A new VAT regime risks making solar panel installations uneconomic for homeowners and harming Britain’s green industries, even as the UK commits to an ambitious zero carbon target for 2050.
The Treasury put forward legislation Monday to raise the tax rate on solar-battery systems from 5% to 20% from October, over objections from the industry and environmental groups.
Critics have warned the tax increase will depress solar panel installation numbers, which have already fallen following the rescinding of government subsidies and the closing of the feed-in tariff scheme in April. It threatens environmentally-conscious homeowners, the UK’s green energy industry, and Britain’s decarbonisation targets, they’ve cautioned.
Dr Nina Skorupska, chief executive of the Renewable Energy Association (REA), said: “The VAT proposals will create a barrier to British homes and businesses who are seeking to take action on climate change and reduce their bills by installing solar with battery storage.”
The government “should be doing all it can to install these technologies rather than enacting barriers,” she said.
The association’s head of policy, Frank Gordon concurred: “The proposed VAT rate hike hits the small-scale renewable energy industry hard during an already difficult landscape. This change risks setting back the UK decarbonisation of homes and businesses in the UK by a number of years.”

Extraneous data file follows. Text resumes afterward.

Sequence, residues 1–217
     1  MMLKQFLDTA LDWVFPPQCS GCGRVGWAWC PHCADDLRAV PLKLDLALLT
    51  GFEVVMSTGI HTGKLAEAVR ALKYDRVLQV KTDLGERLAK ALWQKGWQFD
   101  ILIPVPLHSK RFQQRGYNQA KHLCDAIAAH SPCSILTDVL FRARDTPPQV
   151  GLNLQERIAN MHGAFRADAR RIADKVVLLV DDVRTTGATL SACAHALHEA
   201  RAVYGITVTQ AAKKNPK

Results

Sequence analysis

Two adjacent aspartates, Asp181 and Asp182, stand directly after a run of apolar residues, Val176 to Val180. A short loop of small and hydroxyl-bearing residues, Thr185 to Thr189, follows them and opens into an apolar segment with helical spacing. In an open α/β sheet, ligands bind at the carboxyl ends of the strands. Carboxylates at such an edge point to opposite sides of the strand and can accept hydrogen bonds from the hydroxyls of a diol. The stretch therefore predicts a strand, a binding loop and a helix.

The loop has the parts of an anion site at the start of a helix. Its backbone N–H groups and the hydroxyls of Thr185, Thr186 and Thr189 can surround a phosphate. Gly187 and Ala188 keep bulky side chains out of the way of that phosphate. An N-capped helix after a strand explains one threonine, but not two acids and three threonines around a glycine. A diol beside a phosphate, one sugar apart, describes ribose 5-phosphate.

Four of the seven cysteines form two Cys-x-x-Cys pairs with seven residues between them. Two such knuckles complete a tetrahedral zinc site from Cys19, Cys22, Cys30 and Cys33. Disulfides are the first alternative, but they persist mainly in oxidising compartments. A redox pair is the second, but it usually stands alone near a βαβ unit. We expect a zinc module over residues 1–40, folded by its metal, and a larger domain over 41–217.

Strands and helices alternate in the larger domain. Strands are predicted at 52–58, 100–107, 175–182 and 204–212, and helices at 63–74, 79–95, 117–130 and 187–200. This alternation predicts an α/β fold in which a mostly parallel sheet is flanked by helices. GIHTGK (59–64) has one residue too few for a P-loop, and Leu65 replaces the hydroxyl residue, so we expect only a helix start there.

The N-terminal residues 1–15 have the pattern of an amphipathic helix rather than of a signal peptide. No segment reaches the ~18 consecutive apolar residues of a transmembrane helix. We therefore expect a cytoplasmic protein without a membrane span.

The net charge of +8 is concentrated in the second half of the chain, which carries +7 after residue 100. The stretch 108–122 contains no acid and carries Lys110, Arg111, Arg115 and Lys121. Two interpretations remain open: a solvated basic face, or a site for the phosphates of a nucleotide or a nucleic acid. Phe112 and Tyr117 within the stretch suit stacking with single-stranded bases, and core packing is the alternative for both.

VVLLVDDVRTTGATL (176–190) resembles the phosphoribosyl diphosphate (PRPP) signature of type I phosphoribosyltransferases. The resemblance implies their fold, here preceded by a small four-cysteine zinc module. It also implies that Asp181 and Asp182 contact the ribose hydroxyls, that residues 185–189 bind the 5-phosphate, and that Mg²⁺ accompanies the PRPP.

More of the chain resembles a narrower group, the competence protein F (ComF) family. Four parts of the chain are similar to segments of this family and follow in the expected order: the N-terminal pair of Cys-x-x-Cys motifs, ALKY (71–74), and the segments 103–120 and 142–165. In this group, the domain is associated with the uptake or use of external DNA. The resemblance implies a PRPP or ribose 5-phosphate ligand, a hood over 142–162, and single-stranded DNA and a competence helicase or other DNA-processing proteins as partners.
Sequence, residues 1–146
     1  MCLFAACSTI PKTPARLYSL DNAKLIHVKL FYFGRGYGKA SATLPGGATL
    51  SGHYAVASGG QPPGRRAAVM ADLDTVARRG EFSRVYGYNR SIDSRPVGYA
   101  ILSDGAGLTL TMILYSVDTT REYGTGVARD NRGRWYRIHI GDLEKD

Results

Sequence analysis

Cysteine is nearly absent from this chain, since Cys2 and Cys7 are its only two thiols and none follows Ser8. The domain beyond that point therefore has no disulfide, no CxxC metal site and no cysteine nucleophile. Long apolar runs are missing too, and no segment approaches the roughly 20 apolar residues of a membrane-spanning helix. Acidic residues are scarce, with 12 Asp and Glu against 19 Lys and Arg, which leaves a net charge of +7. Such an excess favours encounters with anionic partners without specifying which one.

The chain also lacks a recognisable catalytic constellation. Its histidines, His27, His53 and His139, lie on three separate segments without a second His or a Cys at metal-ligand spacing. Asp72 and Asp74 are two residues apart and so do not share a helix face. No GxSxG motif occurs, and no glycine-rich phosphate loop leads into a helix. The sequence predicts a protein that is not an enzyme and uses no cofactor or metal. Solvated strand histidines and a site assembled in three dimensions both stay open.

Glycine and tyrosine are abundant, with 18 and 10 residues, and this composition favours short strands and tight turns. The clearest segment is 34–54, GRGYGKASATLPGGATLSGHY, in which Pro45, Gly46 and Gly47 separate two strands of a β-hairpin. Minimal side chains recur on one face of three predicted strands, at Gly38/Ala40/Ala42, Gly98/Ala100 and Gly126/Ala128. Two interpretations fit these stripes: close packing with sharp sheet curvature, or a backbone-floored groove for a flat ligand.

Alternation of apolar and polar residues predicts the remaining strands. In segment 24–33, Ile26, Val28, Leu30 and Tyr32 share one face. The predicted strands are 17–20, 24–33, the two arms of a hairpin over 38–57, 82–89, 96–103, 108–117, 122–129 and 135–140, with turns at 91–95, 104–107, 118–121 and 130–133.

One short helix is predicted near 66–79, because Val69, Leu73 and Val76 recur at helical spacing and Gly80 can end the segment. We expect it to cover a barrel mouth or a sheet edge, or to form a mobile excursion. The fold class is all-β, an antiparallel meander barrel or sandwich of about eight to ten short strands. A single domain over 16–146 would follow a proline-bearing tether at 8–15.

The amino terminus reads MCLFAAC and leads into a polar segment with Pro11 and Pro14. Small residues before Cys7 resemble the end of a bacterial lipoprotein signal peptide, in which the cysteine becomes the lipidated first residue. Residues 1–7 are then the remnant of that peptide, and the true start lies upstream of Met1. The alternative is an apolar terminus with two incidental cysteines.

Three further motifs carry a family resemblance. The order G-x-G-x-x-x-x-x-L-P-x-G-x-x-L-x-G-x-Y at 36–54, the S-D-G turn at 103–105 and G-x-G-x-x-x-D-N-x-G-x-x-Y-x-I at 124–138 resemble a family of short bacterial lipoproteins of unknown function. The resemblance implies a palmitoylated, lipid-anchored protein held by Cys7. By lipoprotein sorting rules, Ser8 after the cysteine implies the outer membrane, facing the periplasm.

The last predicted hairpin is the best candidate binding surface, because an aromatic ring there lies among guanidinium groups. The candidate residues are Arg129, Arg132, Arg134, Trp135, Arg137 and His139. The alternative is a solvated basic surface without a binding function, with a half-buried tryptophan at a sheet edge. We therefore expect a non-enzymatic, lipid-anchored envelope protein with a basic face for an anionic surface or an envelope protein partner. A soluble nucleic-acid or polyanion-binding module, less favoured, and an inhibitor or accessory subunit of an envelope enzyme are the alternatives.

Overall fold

Dr Skorupska said the VAT hike “contradicts the government’s commitment to tackling climate change” just weeks after parliament declared a climate emergency.
Coal and gas sold for domestic use will continue to be taxed at the reduced rate.
HMRC has blamed EU tax laws for the tax hike. The change will bring Britain in line with an EU court of justice ruling from 2015, which found that energy saving materials cannot be charged the discounted VAT rate.
HMRC says it is offering the most tax relief possible for home renewable systems under EU law.
It pointed out that the new rates will apply just to the hardware costs of these installations. Labour will still be charged at the reduced VAT rate of 5%. And housing associations, homeowners over 60 and those receiving certain benefits will continue to be charged the discounted rate.
However, the REA has called on HMRC to cancel the proposed tax increase altogether. It’s due to come into effect in October, the same month the UK is scheduled to leave the EU, so should be scrapped as soon as possible after Brexit, the association urged.
The REA cited a record 84% public support for renewable energy.
Meanwhile, 11,000 members of the public have signed a petition by the green energy supplier Good Energy calling for the government to ditch the tax increase.
“The government should be seeking to be a world leader in renewable technologies, but it’s damaging our successful solar industry and putting green jobs at risk. We urge the Treasury to listen to the thousands of petitioners who want to play their part in fighting climate change,” Julie Davenport, chief executive of Good Energy, said.
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